Lisa E. Gordon-Hagerty resigned this month as the U.S. Department of Energy under secretary for nuclear security and administrator of the National Nuclear Security Administration, which oversees both national labs in Livermore.
The announcement on Nov. 6, which included no specific reason for her resignation, came less than five weeks after Gordon-Hagerty spent two days in Livermore touring various facilities at both Lawrence Livermore National Laboratory and Sandia National Laboratories.
Gordon-Hagerty, who was selected by President Donald Trump and confirmed by the U.S. Senate in February 2018, was the first woman to hold the national position. A physicist by training, Gordon-Hagerty worked at LLNL earlier in her career, which included multiple roles in the public and private sectors.
"As administrator, Ms. Gordon-Hagerty oversaw the modernization of NNSA's infrastructure and the strengthening of its world-class workforce. She also made significant strides in improving NNSA governance and management and demonstrated a sincere dedication to the 50,000 men and women serving in the national security workforce," NNSA officials said in a brief statement Nov. 6.
No reason was given publicly for Gordon-Hagerty's departure, but The Hill reported the resignation came amid tensions with U.S. Secretary of Energy Dan Brouillette.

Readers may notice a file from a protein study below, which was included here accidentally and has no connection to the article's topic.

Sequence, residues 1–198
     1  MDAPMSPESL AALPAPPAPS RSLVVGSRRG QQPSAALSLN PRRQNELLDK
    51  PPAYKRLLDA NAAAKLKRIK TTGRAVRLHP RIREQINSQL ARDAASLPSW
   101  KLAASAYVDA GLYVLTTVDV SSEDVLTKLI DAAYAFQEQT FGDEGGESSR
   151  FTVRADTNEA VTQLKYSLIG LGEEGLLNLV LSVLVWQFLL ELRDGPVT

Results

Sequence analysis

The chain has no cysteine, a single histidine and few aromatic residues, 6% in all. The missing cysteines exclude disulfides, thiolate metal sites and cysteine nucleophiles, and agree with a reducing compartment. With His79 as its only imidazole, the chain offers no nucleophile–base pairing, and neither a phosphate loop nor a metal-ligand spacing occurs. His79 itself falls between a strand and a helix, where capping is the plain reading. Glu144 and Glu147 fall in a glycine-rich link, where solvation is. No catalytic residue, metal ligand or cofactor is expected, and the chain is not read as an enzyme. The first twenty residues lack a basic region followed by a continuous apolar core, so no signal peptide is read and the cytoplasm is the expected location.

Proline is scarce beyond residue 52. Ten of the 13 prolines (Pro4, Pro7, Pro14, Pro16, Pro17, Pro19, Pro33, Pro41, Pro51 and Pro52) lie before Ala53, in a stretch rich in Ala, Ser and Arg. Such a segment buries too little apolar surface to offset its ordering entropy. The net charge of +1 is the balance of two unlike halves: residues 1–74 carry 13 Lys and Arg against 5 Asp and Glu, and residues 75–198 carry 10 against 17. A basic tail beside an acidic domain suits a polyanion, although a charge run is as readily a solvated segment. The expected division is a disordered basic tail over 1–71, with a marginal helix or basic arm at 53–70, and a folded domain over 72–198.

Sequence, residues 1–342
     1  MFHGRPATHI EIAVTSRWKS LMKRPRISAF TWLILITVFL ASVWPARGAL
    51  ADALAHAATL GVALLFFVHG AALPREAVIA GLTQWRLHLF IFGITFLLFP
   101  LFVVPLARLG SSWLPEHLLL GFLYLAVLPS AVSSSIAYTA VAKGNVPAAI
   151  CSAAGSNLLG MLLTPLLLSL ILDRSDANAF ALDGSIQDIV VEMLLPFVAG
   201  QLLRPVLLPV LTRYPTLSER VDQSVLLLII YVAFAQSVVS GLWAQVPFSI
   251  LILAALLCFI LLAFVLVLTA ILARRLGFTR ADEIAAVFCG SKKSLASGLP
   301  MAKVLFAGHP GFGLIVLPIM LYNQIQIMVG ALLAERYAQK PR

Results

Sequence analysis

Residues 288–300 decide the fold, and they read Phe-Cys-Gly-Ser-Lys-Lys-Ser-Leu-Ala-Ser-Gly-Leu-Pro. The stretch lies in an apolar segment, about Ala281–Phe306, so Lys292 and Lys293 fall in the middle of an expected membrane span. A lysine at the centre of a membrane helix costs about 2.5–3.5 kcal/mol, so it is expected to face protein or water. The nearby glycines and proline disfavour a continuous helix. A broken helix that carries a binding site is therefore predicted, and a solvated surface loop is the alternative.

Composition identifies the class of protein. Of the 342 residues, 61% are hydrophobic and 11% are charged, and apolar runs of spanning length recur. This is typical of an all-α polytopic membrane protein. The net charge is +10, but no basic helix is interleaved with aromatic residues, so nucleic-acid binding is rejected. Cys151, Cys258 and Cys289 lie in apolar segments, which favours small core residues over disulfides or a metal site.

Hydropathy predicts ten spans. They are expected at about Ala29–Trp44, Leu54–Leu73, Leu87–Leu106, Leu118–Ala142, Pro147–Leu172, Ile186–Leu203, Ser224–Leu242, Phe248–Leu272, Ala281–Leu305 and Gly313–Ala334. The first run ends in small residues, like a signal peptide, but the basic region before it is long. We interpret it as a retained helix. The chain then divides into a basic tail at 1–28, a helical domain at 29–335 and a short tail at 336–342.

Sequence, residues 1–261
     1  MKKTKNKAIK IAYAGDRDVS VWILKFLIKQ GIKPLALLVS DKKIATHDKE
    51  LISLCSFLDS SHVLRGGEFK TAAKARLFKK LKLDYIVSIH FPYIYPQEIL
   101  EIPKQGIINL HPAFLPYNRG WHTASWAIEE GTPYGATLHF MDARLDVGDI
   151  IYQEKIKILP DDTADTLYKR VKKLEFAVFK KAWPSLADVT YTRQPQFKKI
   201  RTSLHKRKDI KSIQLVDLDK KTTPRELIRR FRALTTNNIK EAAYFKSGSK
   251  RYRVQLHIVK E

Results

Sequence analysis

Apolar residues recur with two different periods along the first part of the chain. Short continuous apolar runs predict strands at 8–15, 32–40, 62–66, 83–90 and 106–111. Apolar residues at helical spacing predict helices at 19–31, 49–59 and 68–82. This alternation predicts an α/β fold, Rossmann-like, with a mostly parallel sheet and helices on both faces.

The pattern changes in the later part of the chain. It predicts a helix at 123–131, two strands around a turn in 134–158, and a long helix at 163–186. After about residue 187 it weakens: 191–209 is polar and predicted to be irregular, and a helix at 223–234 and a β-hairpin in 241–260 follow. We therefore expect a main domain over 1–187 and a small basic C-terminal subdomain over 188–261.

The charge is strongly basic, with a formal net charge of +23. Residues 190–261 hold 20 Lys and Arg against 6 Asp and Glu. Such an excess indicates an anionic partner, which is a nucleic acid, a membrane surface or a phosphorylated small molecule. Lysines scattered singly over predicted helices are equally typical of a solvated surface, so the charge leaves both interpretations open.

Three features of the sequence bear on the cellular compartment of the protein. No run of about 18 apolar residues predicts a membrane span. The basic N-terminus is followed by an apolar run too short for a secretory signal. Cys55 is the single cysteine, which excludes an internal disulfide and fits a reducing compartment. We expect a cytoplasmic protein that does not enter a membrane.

U.S. Sen. Jim Inhofe (R-Okla.), chairman of the Senate Armed Services Committee, released a statement offering support for Gordon-Hagerty as "an exemplary public servant and remarkable leader."
"That the secretary of energy effectively demanded her resignation during this time of uncertainty demonstrates he doesn't know what he's doing in national security matters and shows a complete lack of respect for the semi-autonomous nature of NNSA," Inhofe said.
To succeed Gordon-Hagerty, federal officials selected principal deputy administrator William Bookless to serve as acting NNSA administrator. His appointment aims to ensure "the continuity of NNSA's vital mission to sustain the safety, security and effectiveness of our nuclear deterrent and strengthen our national security," according to the NNSA.
Bookless, who has 35 years of experience in nuclear security, had long career ties in Livermore, working more than three decades as a senior physicist at LLNL.